These perfectly spiced pumpkin scones are drizzled with a thick maple glaze for the ultimate fall brunch treat.
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Fall seems to be synonymous with baking for a lot of people. And baking with pumpkin always really brings home that feeling of fall! These Maple Glazed Pumpkin scones have always been one of my personal favorites. Since so many more people are cooking at home these days I've been trying to share some favorite staple recipes that I've not published on the blog before.
I know baking can be intimidating for some people, and I'm certainly not a professional pastry chef but just like many things in life, it just takes a bit of practice. So if you've been wanting to bake more often these scones are a great way to get started.
Making pumpkin scones
Despite what you might think, scones are not difficult to make. A few key steps ensure you get buttery, flaky scones every time.
Use a food processor: I've tried making scones a number of different ways, but for these pumpkin scones I think using a food processor yields the best result. You don't have to spend time cutting in the butter with a pastry cutter and you get more evenly disbursed butter as a result.
Use cold butter: The colder the better though since you are using a food processor, freezing the butter is not necessary.
Don't skip on the spices: A good pumpkin-pie type spice mixture is really important to achieving good flavor in these scones so don't skip on the spice measurements.
Don't over mix the dough: You want to use the pulse function on the food processor to ensure you don't build up too much gluten in the flour. Over-mixing can result in dry scones.
Don't over-bake: When it comes to (most) baked goods, just slightly under-baked is better than over-baked.
A note about the ingredients
- Pumpkin puree: Since the pumpkin taste is prominent you want to make sure you use a high-quality pumpkin puree. Good choices are Libby's and Whole Food's 365 brand (not sponsored) Also, be sure you are actually using pumpkin puree NOT pumpkin pie mix. Those are two very different ingredients.
- Heavy cream: I don't recommend substituting here as you will end up with a slightly different texture in your scones.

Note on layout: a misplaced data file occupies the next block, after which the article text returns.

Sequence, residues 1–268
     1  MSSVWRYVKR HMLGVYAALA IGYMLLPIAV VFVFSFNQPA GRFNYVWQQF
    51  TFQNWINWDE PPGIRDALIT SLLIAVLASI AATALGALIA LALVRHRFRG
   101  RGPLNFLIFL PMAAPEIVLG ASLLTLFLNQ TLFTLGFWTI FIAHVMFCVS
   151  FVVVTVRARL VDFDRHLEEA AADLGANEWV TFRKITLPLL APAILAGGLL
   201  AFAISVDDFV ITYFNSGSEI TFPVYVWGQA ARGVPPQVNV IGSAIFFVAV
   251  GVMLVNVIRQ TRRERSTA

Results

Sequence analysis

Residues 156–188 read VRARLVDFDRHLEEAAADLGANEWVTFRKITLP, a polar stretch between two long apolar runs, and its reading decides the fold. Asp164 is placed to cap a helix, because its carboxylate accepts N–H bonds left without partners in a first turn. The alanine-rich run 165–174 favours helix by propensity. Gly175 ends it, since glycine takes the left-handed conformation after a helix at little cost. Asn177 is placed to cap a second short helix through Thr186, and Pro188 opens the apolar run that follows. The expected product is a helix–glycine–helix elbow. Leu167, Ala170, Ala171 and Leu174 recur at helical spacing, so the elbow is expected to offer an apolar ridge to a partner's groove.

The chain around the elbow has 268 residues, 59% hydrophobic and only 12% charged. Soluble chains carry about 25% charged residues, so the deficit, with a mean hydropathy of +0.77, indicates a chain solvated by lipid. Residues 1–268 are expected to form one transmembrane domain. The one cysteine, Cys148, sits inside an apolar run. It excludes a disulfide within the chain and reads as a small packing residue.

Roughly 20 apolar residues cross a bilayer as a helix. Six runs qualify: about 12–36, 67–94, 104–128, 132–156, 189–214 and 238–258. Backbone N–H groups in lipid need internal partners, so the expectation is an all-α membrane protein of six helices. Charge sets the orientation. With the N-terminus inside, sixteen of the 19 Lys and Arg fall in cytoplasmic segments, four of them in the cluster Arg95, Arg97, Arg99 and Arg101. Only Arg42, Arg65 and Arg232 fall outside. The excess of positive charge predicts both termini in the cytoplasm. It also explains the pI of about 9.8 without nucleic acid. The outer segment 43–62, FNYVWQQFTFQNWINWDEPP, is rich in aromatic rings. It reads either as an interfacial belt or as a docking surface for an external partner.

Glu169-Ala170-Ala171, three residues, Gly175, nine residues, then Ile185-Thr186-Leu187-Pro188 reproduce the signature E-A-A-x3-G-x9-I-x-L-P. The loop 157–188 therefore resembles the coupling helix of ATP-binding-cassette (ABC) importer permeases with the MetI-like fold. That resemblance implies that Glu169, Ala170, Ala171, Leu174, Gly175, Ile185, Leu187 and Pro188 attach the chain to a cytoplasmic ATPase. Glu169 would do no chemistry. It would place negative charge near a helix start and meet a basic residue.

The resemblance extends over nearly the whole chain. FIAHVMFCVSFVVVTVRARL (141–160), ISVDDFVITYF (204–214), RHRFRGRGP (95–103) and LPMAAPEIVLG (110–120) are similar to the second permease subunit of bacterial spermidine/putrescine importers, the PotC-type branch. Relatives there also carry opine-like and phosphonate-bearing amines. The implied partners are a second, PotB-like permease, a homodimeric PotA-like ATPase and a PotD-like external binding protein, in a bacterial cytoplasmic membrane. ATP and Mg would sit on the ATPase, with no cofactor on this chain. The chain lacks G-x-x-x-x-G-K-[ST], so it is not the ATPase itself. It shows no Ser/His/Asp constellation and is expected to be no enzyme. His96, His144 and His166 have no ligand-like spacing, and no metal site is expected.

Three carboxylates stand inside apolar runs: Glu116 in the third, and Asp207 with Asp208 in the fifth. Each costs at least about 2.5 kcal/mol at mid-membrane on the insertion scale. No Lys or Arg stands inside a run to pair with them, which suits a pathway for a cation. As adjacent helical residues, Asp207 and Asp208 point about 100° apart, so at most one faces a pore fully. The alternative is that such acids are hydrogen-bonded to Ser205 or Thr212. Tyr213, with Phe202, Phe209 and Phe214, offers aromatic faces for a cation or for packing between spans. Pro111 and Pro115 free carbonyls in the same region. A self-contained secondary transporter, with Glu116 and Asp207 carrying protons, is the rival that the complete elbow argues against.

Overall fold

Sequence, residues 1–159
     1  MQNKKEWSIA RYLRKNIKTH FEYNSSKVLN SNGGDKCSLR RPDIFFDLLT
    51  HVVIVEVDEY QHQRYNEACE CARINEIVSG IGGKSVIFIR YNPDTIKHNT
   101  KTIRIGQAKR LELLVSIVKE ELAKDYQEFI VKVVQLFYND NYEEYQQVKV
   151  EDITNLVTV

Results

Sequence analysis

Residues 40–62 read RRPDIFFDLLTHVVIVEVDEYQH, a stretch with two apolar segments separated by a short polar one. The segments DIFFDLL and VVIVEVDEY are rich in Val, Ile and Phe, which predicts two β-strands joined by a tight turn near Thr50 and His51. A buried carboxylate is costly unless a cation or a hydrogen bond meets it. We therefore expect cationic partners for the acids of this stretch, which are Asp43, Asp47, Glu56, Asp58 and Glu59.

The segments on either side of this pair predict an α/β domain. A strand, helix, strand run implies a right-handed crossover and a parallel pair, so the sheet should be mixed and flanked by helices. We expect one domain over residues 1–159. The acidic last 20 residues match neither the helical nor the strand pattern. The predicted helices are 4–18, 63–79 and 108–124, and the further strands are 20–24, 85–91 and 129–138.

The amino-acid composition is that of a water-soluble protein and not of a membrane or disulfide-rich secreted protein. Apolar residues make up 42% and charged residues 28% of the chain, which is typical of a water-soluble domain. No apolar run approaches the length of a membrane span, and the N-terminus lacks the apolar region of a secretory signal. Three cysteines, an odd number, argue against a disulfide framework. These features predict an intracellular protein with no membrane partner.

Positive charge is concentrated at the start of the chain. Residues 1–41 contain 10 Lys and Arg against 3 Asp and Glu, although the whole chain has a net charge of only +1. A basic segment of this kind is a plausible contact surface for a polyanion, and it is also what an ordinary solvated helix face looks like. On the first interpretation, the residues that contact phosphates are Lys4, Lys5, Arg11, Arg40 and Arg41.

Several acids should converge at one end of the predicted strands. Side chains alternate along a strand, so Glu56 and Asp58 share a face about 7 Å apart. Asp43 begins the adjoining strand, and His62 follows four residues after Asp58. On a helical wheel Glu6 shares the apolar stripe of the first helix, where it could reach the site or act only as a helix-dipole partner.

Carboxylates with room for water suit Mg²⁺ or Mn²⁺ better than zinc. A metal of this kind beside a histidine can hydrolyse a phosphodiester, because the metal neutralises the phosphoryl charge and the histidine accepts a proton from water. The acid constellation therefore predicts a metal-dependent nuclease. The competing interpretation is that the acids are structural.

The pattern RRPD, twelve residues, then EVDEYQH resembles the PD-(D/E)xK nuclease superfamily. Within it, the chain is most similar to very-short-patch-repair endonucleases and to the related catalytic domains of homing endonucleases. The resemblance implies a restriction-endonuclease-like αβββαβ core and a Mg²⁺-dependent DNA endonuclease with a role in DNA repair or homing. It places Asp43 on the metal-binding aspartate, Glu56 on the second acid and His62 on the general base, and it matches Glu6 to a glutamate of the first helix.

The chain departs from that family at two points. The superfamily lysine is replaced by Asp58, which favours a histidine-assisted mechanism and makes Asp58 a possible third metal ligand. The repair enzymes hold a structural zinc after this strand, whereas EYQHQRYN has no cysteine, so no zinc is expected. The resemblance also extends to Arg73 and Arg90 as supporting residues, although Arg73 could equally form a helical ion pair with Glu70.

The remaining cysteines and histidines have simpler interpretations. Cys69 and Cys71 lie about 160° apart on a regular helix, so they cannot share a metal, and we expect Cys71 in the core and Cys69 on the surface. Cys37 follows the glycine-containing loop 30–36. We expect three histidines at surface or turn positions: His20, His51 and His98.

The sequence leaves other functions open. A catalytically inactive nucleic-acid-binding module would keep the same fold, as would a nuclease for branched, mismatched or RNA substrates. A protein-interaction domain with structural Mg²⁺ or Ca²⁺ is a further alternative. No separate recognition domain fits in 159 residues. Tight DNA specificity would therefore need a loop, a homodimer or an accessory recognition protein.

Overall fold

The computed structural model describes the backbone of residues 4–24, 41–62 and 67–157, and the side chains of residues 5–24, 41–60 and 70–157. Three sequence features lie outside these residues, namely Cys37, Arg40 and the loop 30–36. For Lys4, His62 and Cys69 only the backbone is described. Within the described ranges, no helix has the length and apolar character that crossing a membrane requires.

- Unsalted butter: Again, you want to use a high-quality brand. Most grocery stores carry a good variety so use your favorite.
- Confectioners Sugar: This is also known as powdered sugar or icing sugar. While I have seen recipes for how you can make your own, I recommend you purchase it if you don't already have it on hand.
- Maple syrup: There is a wide variety when it comes to maple syrup which means there is a wide range in cost. I recommend darker maple syrup of the highest quality where you are comfortable with the price.
Additional notes from the kitchen
- Since the pumpkin puree adds moisture to the dough, these scones are a bit denser than a traditional scone.
- Be sure to check the expiration dates on your canned pumpkin and confectioner's sugar. These are both things that tend not to get used that often so are more likely to be past their expiration date.
How to serve pumpkin scones
These scones are great on their own for breakfast or a snack, with a cup of coffee or a glass of milk.
Or if you want to use them as part of a brunch menu I'd pair them with:
- Melon, Proscuitto and Mozzarella Skewers
- Leek and Pancetta Quiche or Make-Ahead Breakfast Casserole or Savory Dutch Baby
More fall recipes
things you may want for this recipe
Food processor - This is an essential kitchen tool! If you don't use if often or cook for a small family either an 8 cup or 11 cup model should work very well.
Maple Glazed Pumpkin Scones
For the scones:
- 2 cups all-purpose flour
- 1 teaspoon baking soda
- ½ teaspoon baking powder
- ½ teaspoon sea salt
- 1 ½ teaspoons ground cinnamon
- ¼ teaspoon ground ginger
- ¼ teaspoon ground nutmeg
- ⅛ teaspoon ground cloves
- ⅛ teaspoon allspice
- ½ cup very cold unsalted butter, cut into cubes
- ⅓ cup heavy cream
- 1 large egg
- ½ pumpkin puree
- 1 ½ teaspoons vanilla extract
- ⅓ cup packed dark brown sugar
For the glaze:
- ¾ cup confectioners sugar
- 2 tablespoons dark maple syrup
- 1 tablespoon low-fat milk
- ½ teaspoon vanilla extract
- Preheat the oven. Heat the oven to 400°F. Line a large baking sheet with parchment paper.
- Mix the dry ingredients. Add the flour, baking powder, baking soda and salt to the bowl of a food processor fitted with a standard blade. Pulse 3 times.
- Form the dough base. Add the butter and pulse 5-6 times, until a coarse meal forms. Scrape down the sides of the bowl and pulse an additional 3-4 times.
- Mix the wet ingredients. In a small mixing bowl, whisk the pumpkin puree, heavy cream, egg, vanilla and brown sugar together.
- Finish the dough. Drizzle the pumpkin mixture over the flour mixture and pulse 3-4 times. Scrape down the sides of the bowl and pulse an additional 4-5 times until a ball forms.
- Prepare the scones. Sprinkle a bit of flour onto the parchment-lined baking sheet and transfer the dough ball to the baking sheet. Using lightly floured hands, press the ball into an 8" disk. Use a sharp knife to cut the disk into 8 equal-sized triangles (like pizza slices!)
- Bake. Bake for 20 minutes and then remove the baking sheet from the oven and separate the wedges. Return to oven and bake for an additional 5-10 minutes until just golden brown at the edges.
- Make the glaze. While the scones are baking mix the sugar, maple syrup, milk and vanilla in a small bowl. Set aside until ready to serve.
- Serve. Remove the scones from the oven and let them cool for a few minutes. Drizzle with glaze and serve.
- I find these are best the same day as they are baked, however, if you want to save some for later, leave them unglazed and store in an airtight container.